Any group develops its own characteristics, habits and personalities. If you are new to using forums, the following guide is aimed to help you feel at home as quickly as possible. It is a guide, not a set of rules and is based on the experience of those who have gone before you. Yes, even the most experienced folk were also new to this once upon a time.

You’re welcome – but please don’t litter.
To all new members. A truly heartfelt welcome.

Please feel free to make a post telling us who you are, what you do, and maybe include a subtle advert.
But please – pick one section, and make one post. Maybe try the “meet and greet” forum for your first post.
The same post or series of posts with a similar theme plastered all over the forum to make sure we “find it” doesn’t impress.

We love meeting and supporting fellow business folk here. We’re not into saturation advertising.

Be gentle on Junior Members.
Before pouncing on a post that seems off somehow - take a look at the experience of whoever posted it (total posts).

Posting in a forum can feel like public speaking - and we know that public speaking is a major fear for most people. Let's help each other through it.

In particular, it is common courtesy not to heckle a "maiden speech".

As for the observers out there, don't hesitate to get off the bench and make yourself heard. It’s a good time to overcome that fear of public speaking in an understanding environment.

Argument vs Debate
A forum is a very powerful tool for exploring issues.

Life can be messy. Sometimes there just isn't an obvious right answer. However, at these times, there is probably no better place than a forum to gain perspective. It is a fast, effective way to get a range of different opinions.

It can also get really uncomfortable when healthy debate descends into an argument.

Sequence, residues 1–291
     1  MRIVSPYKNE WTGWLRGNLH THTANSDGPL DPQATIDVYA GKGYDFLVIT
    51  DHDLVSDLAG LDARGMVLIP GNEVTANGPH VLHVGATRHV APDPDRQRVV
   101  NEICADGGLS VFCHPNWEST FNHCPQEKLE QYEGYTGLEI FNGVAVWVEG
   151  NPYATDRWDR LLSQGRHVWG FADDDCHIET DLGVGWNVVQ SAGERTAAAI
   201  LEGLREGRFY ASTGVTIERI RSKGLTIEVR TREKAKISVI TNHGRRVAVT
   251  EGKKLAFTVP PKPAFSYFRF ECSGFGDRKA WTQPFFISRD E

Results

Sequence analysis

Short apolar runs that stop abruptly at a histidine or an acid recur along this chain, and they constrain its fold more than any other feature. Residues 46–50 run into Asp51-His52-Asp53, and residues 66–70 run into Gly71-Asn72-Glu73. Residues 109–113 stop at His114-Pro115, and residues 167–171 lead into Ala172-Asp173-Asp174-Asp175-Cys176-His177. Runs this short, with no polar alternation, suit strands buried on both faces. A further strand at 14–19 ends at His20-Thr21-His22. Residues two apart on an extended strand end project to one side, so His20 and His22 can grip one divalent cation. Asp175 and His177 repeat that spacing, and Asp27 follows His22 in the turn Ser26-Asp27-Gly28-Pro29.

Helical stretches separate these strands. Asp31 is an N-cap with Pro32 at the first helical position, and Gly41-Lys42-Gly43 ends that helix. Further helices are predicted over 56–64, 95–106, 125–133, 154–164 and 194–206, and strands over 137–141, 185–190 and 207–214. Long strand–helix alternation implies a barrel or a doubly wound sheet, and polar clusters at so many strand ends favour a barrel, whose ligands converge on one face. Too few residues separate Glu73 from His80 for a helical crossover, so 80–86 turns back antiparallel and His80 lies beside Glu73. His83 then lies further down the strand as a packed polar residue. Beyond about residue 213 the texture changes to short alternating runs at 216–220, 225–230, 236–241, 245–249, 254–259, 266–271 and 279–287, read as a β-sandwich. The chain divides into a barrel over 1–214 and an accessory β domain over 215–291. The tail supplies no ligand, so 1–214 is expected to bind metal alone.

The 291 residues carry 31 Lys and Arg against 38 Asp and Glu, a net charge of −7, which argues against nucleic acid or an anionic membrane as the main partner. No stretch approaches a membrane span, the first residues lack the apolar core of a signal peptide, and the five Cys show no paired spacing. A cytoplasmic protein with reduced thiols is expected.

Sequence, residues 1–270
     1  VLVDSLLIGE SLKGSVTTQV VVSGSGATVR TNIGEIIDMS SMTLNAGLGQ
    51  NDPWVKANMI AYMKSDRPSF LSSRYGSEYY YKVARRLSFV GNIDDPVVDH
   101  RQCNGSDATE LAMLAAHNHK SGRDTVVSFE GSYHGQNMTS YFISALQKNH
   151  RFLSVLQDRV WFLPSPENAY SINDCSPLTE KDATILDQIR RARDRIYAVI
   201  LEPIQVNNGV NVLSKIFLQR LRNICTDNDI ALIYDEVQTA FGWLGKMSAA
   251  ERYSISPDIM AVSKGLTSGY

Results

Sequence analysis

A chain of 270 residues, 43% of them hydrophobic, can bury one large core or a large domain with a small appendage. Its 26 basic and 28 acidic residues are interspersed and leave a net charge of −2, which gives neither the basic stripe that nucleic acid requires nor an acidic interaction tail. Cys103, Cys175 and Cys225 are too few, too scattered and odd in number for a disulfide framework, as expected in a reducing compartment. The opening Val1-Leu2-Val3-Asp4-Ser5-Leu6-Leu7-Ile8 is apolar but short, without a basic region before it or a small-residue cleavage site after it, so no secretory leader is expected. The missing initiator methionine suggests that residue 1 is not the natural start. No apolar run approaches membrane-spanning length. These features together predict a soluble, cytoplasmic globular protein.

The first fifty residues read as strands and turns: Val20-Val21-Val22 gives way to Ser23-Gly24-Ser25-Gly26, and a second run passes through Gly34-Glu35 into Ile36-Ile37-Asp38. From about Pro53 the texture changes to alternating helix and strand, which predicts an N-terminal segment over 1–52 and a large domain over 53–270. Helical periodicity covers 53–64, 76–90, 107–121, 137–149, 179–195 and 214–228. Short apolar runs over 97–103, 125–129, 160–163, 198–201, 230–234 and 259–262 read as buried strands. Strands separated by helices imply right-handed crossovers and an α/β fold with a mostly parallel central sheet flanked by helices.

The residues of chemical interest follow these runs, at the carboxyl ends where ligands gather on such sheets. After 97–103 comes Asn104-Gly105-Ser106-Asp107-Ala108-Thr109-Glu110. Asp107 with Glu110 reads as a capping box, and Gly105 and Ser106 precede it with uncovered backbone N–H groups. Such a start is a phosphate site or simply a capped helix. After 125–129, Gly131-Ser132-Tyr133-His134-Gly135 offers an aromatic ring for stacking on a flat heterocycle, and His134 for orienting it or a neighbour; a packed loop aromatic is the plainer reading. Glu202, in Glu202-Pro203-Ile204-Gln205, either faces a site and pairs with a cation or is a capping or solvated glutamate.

It would be easy to say "Don't get emotional" and "Think it through". But sometimes the very best posts are spontaneous and emotional.

The trick here is to look for warning signs that you could be getting argumentative:
• You are looking to "win" the point
• You attack the writer at a personal level
• You strongly criticise the writer's point of view
• You post in the thread more than once or twice a day
You are most at risk when you are too close to the subject matter. The best trick is to focus on giving your perspective and respect the right of others to hold a different view. If you find yourself being drawn into an argument, put off making a post in that thread until the next day. Amazing things can happen in 24 hours.

Happily, if you really need to blow off steam, it seems some attacks are actually welcome. Politicians, government departments, Telkom, Microsoft etc seem to be fair game.

Use an appropriate title.
When starting a new thread, try to use a title that clearly indicates the subject matter. When scanning through a forum, or when trying to find a particular thread, imagine if they were all titled “Help”.

There are no “stupid” questions.
This one probably stops many folk from raising issues.

After a while a forum is a wealth of information. Sometimes your topic might have been covered before. Probably the best first step is to use the search function near the top of the screen. Just a warning, the search is a bit limited. Try to use one or two key words both longer than three letters. No matches – then fire away without hesitation.